This shelf cloud from a good sized mesocyclone moving through May 2020. I’m happy to say I only had one small formerly nice calf shed cartwheeled over a fence. As well as two empty standing gasoline tanks/stands blown over from this one. They have been standing for decades. Any hail missed us. I was however, pelted by horizontal rocks and gravel. Carried by the wind gust coming up the hill over the gravel road lower left frame. Looked like a sand storm coming at me.
I’m estimating conservatively it was a 60 mph direct down draft but it was probably 80 mph. My recording wind gauge is currently down waiting for a replacement moment as the winds here wear out the 120 dollar devices every 4 or 5 years. They are actually incoming next week so that will be fixed. I have recorded a 79mph wind on the ranch historically.
I’ve been an observer of weather for some time. The winds usually affiliated with this type of Arcus cloud CAN be pretty severe. I snapped this image along with a few more. Thought the better part of valor was to avoid the worst of it. “Clever Girl” is only 5 months old and has no hail dents yet. I heard golf ball sized hail in this…. didn’t get it. Only .3 inch of rain but we’ll take what we get.
I thought it was pretty nifty this shelf has 3 horizontal rings looping around rotation clearly visible in this capture. The lightning bolt was a rare one in this storm as it really didn’t light up too much. There were some dangerous bolts. When my truck started getting seriously buffeted, I headed for the barn under that big white roof. I left that building’s white roof in the frame for a reason. It is a good scale. That is 1/2 of the roof of a building which is roughly the size of a regulation foot ball field. I’m almost a mile and 200 feet above that building at the click.
Taken 10 days before it posts mid-may 2020. This is how long it takes me to get a “current” photo in to be published. That is if I bring it to the front of the line. I have to admit I have a bias for big Mammatus. (👀). When I say big you have to realize this storm is about 10 miles long. Admittedly this is a tiny storm for this country that occasionally has 100 mile across mesocyclones develop from these smaller storms. The shelf cloud off to the right was awesome in this storm.
This was one of a series of storms moving south to north along a line that evening. They all were just east of me along Parks/Garst Road up here in Wyotana. The little rainbow as you follow the red gravel road as it curves to the right, was a nice touch from the storm. Lightning? Not so much. The big views we have up on the high ridges gives up 50 to 180 mile long vistas to photograph and observe weather occurring from a distance. I followed this and it’s sister storms moving along the frontal boundary moving through our area. I couldn’t have asked for a better view of this barking dog.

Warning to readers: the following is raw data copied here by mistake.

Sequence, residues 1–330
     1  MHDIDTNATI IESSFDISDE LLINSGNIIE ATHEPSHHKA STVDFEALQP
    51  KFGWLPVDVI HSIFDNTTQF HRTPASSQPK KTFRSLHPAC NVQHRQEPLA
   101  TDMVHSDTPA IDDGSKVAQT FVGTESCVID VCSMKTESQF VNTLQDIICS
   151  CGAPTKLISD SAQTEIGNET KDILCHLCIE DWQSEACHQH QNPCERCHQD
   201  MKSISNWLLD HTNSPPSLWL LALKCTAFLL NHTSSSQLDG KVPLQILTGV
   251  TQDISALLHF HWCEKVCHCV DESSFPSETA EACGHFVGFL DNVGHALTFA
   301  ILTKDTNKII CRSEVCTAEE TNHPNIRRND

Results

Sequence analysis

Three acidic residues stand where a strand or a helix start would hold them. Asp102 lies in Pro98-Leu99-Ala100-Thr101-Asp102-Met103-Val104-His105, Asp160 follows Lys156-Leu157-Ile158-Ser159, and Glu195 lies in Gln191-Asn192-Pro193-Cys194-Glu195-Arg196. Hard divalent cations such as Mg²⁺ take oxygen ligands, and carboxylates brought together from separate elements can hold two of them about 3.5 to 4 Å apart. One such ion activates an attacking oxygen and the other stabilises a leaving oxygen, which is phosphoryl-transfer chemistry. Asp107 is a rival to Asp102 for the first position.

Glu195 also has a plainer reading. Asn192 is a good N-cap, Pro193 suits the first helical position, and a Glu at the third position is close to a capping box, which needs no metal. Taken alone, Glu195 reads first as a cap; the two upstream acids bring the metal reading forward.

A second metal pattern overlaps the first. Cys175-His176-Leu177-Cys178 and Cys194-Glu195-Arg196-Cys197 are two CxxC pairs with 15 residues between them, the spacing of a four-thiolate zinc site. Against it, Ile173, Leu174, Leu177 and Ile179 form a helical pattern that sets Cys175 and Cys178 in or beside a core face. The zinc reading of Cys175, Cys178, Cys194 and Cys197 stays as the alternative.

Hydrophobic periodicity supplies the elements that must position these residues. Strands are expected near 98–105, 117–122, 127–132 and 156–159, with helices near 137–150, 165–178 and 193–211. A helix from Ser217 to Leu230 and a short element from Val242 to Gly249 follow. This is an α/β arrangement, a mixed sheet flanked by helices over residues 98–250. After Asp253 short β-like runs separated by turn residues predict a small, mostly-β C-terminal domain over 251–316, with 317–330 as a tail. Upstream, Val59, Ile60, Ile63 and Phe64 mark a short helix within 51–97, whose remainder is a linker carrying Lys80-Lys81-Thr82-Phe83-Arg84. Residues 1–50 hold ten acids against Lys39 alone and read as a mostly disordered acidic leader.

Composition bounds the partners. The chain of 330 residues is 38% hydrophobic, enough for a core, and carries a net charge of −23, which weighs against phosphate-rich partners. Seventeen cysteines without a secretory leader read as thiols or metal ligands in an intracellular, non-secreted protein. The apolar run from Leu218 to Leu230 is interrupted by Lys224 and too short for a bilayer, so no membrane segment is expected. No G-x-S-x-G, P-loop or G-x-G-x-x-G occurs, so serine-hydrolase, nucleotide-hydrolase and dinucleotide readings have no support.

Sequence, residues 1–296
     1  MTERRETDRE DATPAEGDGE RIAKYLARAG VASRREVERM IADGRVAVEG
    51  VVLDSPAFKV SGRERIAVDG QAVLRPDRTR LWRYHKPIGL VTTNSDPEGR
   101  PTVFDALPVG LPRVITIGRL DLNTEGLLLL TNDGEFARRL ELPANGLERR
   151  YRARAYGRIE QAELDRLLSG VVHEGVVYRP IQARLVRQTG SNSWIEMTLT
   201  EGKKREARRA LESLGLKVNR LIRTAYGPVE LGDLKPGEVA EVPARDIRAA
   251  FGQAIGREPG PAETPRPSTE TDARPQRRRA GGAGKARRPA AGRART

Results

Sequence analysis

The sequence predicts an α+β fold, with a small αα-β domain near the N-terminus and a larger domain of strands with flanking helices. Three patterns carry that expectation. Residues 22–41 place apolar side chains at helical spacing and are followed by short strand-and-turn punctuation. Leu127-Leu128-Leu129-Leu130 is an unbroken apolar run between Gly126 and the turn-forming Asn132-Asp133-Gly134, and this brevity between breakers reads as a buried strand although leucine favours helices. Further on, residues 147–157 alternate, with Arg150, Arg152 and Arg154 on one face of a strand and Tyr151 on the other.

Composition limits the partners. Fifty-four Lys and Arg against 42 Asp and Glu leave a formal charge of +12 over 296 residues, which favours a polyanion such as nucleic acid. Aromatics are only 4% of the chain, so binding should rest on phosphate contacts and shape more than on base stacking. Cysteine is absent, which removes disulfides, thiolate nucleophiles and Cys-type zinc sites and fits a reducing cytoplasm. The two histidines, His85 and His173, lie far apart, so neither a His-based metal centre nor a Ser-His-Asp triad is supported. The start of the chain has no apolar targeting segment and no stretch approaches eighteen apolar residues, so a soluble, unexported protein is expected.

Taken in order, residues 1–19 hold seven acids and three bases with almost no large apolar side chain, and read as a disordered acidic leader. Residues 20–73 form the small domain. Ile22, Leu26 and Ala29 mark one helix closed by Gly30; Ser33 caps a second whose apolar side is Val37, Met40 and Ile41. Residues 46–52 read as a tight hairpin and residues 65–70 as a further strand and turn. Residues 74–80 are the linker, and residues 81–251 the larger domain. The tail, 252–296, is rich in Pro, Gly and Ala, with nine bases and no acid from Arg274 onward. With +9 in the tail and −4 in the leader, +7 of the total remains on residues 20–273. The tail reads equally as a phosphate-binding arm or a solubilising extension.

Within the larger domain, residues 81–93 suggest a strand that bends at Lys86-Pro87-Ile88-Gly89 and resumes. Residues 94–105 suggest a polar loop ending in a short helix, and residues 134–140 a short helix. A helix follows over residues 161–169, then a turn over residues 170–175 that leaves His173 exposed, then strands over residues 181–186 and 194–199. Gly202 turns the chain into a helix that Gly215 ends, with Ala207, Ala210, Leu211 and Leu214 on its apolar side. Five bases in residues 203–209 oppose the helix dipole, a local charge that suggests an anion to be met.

As I type this, the wind blew well over 60 mph last night. Rained sideways for 20 minutes. It said .3 inch but this is suspect lol. I was up photographing the storm come up but got back to shelter before that one came through. I have yet to download the images from that event.
Mammatus clouds tend to indicate that there’s a thunderstorm about. Certainly linked with heavy precipitation some where, mammatus are very impressive at times… Particularly when back lit by the sunset (slit) over my shoulder. That precipitation doesn’t always make it down to the surface before evaporating or sublimating. (Virga). Other times it dumps several inches…
The difficulty of getting enough warm air aloft means that a thunderstorm has to be rather strong before it can form huge mammatus. Often read as a harbinger of strong oncoming storms. I find they are usually a sign of one that has just passed. Aviators taught cumulonimbus cloud avoidance live longer. Particularly with Mammatus about. Notoriously, associated with severe weather, mammatus certainly mark turbulance.
While they look impressive, they have very little impact on life at the surface in my travels. . Mammatus are merely the messengers of their bigger, tougher clouds about the area. Having one pass over RIGHT as the sun passed under the cloud deck to the west
As mammatus clouds don’t usually do damage tohumans directly. They can occur around a very hazardous environment however. Scientists really don’t know much about them. While they’re not that uncommon, it’s difficult to get scientific data back about exactly what’s going on under the thunderstorm’s anvil. They certainly reflect a density change between the air below and the cloud itself. Puffy surfaces like that would indicate micro circular flow environment of trought troughs. It’s a 3D thing going on up there. Very complex as I visualize what is ongoing under there.
Meanwhile, their striking appearance and relative rarity make them good targets for conspiracy theorists. Some believe that they’re the result of weather modification programs. As most conspiracy theories, they don’t hold much water…. or maybe there is some “water” up there lolol I consider this one of the best capture of the species of cloud that I have done to date. Next summer is a whole new set of sky shows.